And so, today, I have yet to meet an American who has any idea why Lincoln started the holiday, why they are asked to celebrate the image of Indians and Pilgrims, or even why they are eating a native bird.

Presidents as Poets

The US Library of Congress has launched an interesting site called “Presidents as Poets“, which has information about the following men:

  • George Washington
  • James Madison
  • John Quincy Adams
  • Abraham Lincoln
  • Jimmy Carter

The collection includes an infamous poem attributed to Lincoln:

    To ease me of this power to think,
    That through my bosom raves,
    I’ll headlong leap from hell’s high brink,
    And wallow in its waves.

Haiku for today

Dag Hammarskjold, Markings, p. 190-191 (Translated from Swedish by Leif Sjoberg and W. H. Auden)

    Congenial to other people?
    It it with yourself
    That you must live.

    Denied any outlet,
    The heat transmuted
    The coal into diamonds.

    Alone in his secret growth,
    He found a kinship
    With all growing things.

The manuscript for the book was left by Hammarskjold to be published after his death. He was Secretary-General of the United Nations (UN) when he died in an air crash on September 18, 1961 en route to negotiate a cease-fire between the UN and Katanya forces in Northern Rhodesia (now Zambia). I was introduced to his writings while studying the origins of the conflict.

Lessons from Guy Fawkes

Many years ago I rode through the English country-side with an Archaeologist (her house was filled with bones from the Mary Rose excavation) who pointed out the economic reasons for the hedge-rows, the meaning of every stained-glass window…and, as we passed the Holbeche House in Staffordshire, she told me the end of the Gunpowder Plot.

Even though I had spent some time in rural Devonshire (with people who said getting “pissed” on home-made hard cider and dancing half-naked with a burning barrel of hot tar on their back is one of the highlights of the year) I was not prepared for the reality of the Guy Fawkes story.

It was one thing to think about the Gunpowder Plot as just another excuse for lighting bonfires and having a party, but bearing witness to the house where the men who gave themselves up were shot, well, that was a different story entirely. The fact was a handful of men who wanted to end the opressive treatment of non-Protestants very nearly killed the King and all his successors. Not long after I couldn’t help but think it odd that the English celebrate a failed coup attempt essentially the same way that the US celebrates independence. Actually, maybe it would be more fitting to compare the Fawkes ritual to Burning Man, since Bonfire Night (supoosedly to celebrate a King’s survival) usually involves burning an effigy along with the fireworks.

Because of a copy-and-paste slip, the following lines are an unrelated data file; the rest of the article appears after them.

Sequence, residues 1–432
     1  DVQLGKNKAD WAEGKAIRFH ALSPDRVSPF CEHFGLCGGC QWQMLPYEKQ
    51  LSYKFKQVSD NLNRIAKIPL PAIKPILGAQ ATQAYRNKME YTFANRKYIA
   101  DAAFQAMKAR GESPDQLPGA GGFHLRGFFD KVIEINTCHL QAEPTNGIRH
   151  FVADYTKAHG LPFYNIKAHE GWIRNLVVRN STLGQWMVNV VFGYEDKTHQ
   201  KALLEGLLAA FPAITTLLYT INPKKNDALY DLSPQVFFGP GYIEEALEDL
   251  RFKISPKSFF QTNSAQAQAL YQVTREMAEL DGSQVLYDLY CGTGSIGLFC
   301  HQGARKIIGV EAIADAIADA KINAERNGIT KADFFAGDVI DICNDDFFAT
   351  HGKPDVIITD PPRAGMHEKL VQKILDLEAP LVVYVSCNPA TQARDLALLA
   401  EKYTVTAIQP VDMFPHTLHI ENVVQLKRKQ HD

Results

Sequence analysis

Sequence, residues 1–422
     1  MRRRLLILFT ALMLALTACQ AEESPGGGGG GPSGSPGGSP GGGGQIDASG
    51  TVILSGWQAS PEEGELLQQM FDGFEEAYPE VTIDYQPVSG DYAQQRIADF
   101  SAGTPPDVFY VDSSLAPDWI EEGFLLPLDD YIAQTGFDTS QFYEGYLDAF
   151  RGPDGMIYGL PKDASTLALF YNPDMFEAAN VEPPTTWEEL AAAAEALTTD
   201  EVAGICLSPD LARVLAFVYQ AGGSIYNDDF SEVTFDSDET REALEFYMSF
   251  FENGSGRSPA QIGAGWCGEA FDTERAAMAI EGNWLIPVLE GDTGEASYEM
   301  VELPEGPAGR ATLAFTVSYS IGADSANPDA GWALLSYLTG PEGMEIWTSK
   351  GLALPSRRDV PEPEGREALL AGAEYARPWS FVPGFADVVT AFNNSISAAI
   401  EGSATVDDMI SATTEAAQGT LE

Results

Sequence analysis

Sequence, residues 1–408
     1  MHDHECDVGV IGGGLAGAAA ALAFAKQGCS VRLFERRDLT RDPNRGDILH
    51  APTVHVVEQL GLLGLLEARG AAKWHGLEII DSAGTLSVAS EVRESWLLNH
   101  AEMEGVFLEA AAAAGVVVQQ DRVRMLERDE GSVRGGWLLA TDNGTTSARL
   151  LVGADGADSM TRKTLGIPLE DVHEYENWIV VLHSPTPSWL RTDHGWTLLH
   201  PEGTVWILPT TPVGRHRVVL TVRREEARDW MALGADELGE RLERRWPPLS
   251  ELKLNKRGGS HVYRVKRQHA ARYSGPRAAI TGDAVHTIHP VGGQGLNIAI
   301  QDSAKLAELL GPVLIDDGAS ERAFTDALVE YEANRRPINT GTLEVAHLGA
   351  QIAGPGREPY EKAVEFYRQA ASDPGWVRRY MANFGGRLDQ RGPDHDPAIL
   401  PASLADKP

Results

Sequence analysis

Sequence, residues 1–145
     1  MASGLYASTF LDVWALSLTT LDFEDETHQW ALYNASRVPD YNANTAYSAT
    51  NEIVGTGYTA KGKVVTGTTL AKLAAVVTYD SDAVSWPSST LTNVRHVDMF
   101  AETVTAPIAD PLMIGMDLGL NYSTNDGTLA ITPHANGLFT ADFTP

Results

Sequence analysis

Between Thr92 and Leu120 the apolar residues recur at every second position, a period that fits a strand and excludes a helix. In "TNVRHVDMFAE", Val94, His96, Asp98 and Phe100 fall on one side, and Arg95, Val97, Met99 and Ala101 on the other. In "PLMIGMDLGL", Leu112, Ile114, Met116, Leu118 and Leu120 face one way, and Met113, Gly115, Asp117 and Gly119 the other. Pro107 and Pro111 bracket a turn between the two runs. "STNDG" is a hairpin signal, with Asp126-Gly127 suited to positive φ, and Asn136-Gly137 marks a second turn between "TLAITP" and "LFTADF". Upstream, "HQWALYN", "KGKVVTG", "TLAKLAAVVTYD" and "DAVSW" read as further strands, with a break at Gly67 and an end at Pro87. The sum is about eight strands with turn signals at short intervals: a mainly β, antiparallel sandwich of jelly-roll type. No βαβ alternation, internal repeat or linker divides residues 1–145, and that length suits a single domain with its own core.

Guy Fawkes

Anyway, the BBC has posted some interesting reports this year that make the obvious comparison to today’s fear of terrorism:

    “A plot to blow up the houses of parliament, with the monarch and politicians inside, has just failed. What can the government do to restore calm? Four hundred years ago the authorities in England faced exactly this question when they foiled a plot by disillusioned Catholics to blow up the Houses of Parliament.”

Many have suggested that Fawkes was tortured extensively and some say his shaky signature (Guido Fawkes) is sufficient proof. But the BBC quotes a historian from Cambridge who says “Victims often tell you what you want to hear, whereas the torturer – especially in this particular case – wants the facts. Torture isn’t the only or indeed the best way of getting at those facts. The authorities in 1605 knew that, and used other techniques to win secrets.”

End of the line for London’s Buses

I find it quite sad that the historic “Routemaster” red double-deckers are being put out to pasture, instead of updated and maintained as part of London’s heritage and gift to the world of transportation.

Something about the trust model of an open back entry space always intrigued me, as well as the fact that the driver was in a completely different role than the ticket-taker (similar to a train). I have known several people who spent their early years serving in either or both roles (rural routes often only employed a driver) and they shared many funny anecdotes about the security system used to keep passengers honest. In some sense the group of passengers themselves provided a baseline of behavior and could intervene if someone was out of line. I suspect it is the opposite today, with a driver relying on a surveillance system and virtual law enforcement techniques to protect the passengers from themselves.

There are some legitimate issue with the 50-year old design, which probably could have been improved. Similar to historic buildings that are updated and retrofitted to modern standards, at least some of these buses deserve to continue their services rather than be deprecated and wholly replaced by a series of economically driven short-term visions of the future. Fortunately, it appears a group is working on just that kind of mission, which they call the Heritage route.

Incidentally, London is scheduled to host an international transport security conference in central London, November 13-15, 2005. I wonder if anyone will cover the issue of domestic and secure fuel sources? With all the greasy fish-and-chip shops, one would think England’s public fuel supply-chain could be dramatically improved.